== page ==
So you have purchased a brand new car, feels great doesn’t it? To be the first registered keeper on the documentation, the first person to drive it away and for it to be legally yours, polished and beautiful on your driveway. It looks beautiful, perfect paintwork, it reeks of quality and you love the flushness of the seats and did you look at all those gadgets? Then there is that very unique smell that somehow provides the icing on the cake. It’s that brand new smell that is so great.
So as much as you enjoy the newness, how safe is that ‘new’ scent? Could it be toxic?
There have been studies looking into the chemicals that provide a new car with that very individual odor. You might think that it is the smell of leather and it certainly might contribute if you have brought a quality car with real leather seats, but even the cars that are much more economical to buy, have that same smell. It’s, well, it’s the scent that we associate with a brand new car. Are we just breathing in a whole collection of chemicals?
Sadly, there are chemicals in the interior of your lovely new car and they will release something called VOC’s into the car. VOC’s are volatile organic compounds and contain chemicals such as formaldehyde among others. Not so much fun now right? The chemicals can individually or collectively cause allergies, headaches and even dizziness. There is even concern that some of the chemicals can be cancer causing.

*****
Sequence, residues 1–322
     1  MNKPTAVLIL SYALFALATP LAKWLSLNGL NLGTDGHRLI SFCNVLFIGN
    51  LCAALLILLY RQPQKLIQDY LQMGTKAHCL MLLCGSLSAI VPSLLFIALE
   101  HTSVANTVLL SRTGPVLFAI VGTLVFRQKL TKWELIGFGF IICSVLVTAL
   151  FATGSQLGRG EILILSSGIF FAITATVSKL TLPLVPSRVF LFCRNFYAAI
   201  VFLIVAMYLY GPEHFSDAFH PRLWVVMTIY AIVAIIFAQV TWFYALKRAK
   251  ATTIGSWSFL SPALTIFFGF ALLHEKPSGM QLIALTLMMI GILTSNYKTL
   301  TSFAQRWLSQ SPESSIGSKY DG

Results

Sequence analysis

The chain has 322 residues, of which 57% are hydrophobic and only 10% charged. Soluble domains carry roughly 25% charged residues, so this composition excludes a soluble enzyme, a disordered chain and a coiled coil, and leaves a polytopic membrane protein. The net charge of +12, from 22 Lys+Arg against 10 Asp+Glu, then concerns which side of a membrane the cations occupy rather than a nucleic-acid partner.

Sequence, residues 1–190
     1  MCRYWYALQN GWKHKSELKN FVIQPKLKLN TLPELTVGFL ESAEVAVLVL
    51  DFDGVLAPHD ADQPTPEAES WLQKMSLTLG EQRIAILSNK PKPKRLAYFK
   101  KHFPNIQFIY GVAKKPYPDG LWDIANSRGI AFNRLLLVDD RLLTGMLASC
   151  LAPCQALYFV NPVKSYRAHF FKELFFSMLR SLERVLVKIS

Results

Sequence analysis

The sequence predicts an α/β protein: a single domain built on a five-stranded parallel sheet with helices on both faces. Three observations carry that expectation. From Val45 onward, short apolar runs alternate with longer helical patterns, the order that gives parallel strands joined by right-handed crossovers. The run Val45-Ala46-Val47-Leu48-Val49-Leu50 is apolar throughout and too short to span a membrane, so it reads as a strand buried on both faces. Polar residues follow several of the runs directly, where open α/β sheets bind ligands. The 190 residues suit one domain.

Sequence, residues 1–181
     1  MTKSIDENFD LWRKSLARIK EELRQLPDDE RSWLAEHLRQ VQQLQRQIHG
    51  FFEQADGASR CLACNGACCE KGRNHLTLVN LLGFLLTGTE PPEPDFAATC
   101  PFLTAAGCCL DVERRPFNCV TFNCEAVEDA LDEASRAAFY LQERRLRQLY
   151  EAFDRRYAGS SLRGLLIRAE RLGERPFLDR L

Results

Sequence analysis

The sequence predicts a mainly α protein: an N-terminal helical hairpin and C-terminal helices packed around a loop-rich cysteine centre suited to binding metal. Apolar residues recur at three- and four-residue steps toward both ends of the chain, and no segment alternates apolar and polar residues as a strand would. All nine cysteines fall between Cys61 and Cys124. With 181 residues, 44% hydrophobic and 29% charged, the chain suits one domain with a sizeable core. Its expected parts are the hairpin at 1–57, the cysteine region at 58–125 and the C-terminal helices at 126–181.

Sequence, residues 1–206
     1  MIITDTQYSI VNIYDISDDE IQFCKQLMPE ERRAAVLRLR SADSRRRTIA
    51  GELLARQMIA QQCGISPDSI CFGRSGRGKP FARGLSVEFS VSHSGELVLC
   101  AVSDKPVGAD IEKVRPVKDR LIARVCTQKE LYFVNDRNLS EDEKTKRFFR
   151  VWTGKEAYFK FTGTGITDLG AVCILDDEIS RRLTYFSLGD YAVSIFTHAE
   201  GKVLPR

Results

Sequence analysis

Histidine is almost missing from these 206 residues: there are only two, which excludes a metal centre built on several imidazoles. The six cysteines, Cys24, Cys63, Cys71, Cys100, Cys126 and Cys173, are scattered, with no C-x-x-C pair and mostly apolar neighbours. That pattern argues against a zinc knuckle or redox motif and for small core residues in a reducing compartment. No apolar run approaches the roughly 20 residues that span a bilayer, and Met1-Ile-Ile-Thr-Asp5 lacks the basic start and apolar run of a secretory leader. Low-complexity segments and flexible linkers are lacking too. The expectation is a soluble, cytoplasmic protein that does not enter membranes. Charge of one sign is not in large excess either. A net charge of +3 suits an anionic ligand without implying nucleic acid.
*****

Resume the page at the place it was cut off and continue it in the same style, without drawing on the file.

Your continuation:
Luckily, many of these volatile chemicals do fade over time but, it doesn’t mean that they dissipate completely. The best thing to do is to have the window open a little to avoid being trapped in with these chemicals. On a hot day that is much easier but keeping fresh air circulating and avoiding being trapped in the car with the odor is a much better option. When the car gets hot, the chemical smell may resurface so try to keep the temperature in the car down and even get used to parking your car in the shade.
Of course not everyone aggress that the odors could be dangerous but although no-one denies they are present, there is some debate on whether they present a serious threat to our health.
“Image courtesy of [teerapun] / FreeDigitalPhotos.net”.